“Then Pilate took Jesus and flogged him. And the soldiers twisted together a crown of thorns and put it on his head and arrayed him in a purple robe. They came up to him, saying, ‘Hail, King of the Jews!’ and struck him with their hands…Pilate said to [the Jews], ‘Then what shall I do with Jesus who is called Christ?’ They all said, ‘Let him be crucified!’ And he said, ‘Why? What evil has he done?’ But they shouted all the more, ‘Let him be crucified!’ So when Pilate saw that he was gaining nothing, but rather that a riot was beginning, he took water and washed his hands before the crowd, saying, ‘I am innocent of this man’s blood… Take him yourselves and crucify him, for I find no guilt in him…’ And they crucified him… Eight days later… Jesus came and stood among them and said to Thomas, ‘Put your finger here, and see my hands.'” John 19:1-3,6; 20:26-27; Matthew 27:24; Mark 15:24
What a contrast there is, in the few verses describing the crucifixion, in the use of hands, the magnificent creation of God and gift to His people. Imagine the soldiers’ rough, strong fingers tying shards of stone onto the ends of leather strips to make a many-corded whip for His flogging, and calloused hands that have just gripped that whip forming a crown of thorns and pressing it onto Jesus’s head, then balling into fists to strike him, then hammer metal through His skin. Pilate, in comparison, unnerved by the crowd fomenting violence, opened his weak, soft hands upward, shrugging, ‘I don’t get you and this is not my fault– you are making me do this,’ then washed them illustratively in front of them.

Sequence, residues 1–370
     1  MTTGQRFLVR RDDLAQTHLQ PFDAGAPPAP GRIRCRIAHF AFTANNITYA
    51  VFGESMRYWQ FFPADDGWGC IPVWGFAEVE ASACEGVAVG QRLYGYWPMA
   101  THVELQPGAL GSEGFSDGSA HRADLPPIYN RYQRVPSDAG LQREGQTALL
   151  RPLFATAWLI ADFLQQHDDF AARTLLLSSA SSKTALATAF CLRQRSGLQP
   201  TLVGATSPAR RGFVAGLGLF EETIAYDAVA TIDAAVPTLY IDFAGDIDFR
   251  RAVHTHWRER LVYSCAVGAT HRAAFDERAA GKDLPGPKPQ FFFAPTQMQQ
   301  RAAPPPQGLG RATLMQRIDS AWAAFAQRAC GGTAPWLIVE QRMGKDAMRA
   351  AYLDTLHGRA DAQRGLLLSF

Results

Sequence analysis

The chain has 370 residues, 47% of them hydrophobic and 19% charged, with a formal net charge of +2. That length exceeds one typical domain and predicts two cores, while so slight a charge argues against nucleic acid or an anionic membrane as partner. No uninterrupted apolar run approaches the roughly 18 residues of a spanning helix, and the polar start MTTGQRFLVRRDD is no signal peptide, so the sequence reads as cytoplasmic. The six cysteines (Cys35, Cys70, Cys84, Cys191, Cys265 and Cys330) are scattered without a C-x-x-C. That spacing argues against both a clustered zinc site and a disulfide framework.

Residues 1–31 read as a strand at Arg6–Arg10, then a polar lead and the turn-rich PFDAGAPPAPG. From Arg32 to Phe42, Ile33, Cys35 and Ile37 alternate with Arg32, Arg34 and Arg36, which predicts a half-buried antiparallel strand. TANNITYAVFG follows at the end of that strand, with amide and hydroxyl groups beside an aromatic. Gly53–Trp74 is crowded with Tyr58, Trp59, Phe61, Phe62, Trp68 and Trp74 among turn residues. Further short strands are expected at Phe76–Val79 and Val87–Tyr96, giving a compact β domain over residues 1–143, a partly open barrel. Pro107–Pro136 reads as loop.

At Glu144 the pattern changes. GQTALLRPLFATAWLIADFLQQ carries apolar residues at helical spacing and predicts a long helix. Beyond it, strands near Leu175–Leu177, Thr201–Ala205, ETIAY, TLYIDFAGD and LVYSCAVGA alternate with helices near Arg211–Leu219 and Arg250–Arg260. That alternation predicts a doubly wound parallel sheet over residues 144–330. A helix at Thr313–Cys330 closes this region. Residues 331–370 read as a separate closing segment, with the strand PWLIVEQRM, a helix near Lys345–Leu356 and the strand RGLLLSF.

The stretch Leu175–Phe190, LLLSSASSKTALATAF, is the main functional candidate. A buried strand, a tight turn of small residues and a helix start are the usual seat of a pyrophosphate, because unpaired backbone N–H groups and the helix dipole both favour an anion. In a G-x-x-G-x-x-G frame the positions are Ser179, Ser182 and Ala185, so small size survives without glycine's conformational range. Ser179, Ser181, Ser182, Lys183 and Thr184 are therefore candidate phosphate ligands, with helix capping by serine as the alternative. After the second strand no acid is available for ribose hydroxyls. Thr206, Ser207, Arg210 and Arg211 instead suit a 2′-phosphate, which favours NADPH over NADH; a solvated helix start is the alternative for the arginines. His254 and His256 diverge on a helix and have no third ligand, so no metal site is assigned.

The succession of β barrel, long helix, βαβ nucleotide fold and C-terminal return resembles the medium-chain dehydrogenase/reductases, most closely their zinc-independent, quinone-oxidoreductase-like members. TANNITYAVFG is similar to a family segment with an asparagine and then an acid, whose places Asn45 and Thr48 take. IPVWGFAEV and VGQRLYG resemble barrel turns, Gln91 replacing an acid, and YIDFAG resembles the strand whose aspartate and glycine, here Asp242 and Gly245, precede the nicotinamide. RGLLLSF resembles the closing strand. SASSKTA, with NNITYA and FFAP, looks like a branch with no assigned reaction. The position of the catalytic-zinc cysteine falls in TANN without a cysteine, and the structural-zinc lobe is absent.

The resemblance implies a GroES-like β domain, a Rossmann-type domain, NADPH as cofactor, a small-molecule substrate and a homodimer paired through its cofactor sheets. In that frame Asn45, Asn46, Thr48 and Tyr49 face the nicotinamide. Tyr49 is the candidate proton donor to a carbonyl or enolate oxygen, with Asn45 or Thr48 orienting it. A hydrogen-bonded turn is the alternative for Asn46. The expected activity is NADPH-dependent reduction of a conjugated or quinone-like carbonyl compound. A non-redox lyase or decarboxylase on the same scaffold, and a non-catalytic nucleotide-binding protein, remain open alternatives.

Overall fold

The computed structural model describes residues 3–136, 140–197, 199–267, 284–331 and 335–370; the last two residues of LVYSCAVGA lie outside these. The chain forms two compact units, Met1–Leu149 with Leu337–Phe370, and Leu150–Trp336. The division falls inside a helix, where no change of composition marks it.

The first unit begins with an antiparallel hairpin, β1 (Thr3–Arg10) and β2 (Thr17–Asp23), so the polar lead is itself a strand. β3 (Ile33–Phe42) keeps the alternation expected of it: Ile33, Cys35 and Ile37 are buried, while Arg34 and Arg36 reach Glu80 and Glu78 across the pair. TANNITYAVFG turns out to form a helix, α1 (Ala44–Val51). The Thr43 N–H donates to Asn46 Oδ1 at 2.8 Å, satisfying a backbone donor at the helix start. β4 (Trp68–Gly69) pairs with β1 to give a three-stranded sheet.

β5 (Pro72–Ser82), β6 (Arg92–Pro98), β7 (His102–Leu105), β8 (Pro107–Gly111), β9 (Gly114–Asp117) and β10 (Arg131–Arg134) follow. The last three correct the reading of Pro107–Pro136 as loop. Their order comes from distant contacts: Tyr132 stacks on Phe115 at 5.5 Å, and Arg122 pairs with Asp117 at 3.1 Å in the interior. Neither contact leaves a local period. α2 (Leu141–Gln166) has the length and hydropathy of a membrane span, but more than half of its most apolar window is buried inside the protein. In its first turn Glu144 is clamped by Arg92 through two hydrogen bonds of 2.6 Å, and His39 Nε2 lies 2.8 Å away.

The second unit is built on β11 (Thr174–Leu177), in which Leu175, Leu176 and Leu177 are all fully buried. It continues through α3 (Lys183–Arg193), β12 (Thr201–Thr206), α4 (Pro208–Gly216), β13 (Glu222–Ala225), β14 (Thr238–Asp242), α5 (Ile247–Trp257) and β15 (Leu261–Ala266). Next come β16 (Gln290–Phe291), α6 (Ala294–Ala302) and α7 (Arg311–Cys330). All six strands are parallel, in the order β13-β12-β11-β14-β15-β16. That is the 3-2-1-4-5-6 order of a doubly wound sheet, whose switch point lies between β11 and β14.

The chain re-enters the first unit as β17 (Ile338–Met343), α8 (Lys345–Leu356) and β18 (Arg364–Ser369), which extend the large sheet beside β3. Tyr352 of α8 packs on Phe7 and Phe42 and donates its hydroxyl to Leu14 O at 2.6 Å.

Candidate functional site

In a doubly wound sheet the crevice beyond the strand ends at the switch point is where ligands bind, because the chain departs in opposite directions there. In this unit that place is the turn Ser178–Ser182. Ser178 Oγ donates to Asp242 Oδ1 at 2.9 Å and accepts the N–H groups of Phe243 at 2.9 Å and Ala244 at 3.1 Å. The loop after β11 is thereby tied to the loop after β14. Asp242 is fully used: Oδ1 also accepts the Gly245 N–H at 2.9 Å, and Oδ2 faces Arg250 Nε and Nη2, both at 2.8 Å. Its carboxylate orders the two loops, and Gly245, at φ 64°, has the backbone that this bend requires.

But our Savior’s hands, the carpenter’s careful, creative hands that had soothed the anxious and touched outcast lepers, written in the dirt and made mud for healing, raised bread to heaven in thanksgiving before breaking it to feed thousands, washed the disciples’ feet, served them wine, these hands were pierced through, with thick nails, to a cross. These hands bore His weight as well as the weight of all our sin, and became, after the resurrection, the scarred hands that awakened faith and fed the disciples and lifted over them in the blessing of a call and power. (Matthew 28:18-20; Luke 24:50; John 20:25-28; 21:9-13)
How do I position my hands? When I raise them high in worship, and open them to be used for God’s will, He infuses them with compassion, strength, gentleness, generosity, a knowing of where to go and whom to serve. But when I ball them up, clutching my selfish will and wants, I not only resist God’s prompting but can actually, driven by my own impulses, slap Him in the face, brush off His inspiration, push away His instruction, stop my ears to His truth.
And how do I use my hands? Do I deliver death, or life? Do I construct edifices to self, amass what does not last, busy myself with meaningless activity, idle them in sloth? Or am I serving others, creating beauty that shines God’s loveliness, expressing affection, writing encouragement, touching away tears, holding hands of the sad, lonely?
Lord, take my hands and let them move at the impulse of Thy love, as Yours always have for me. (Inspired by Frances Havergal)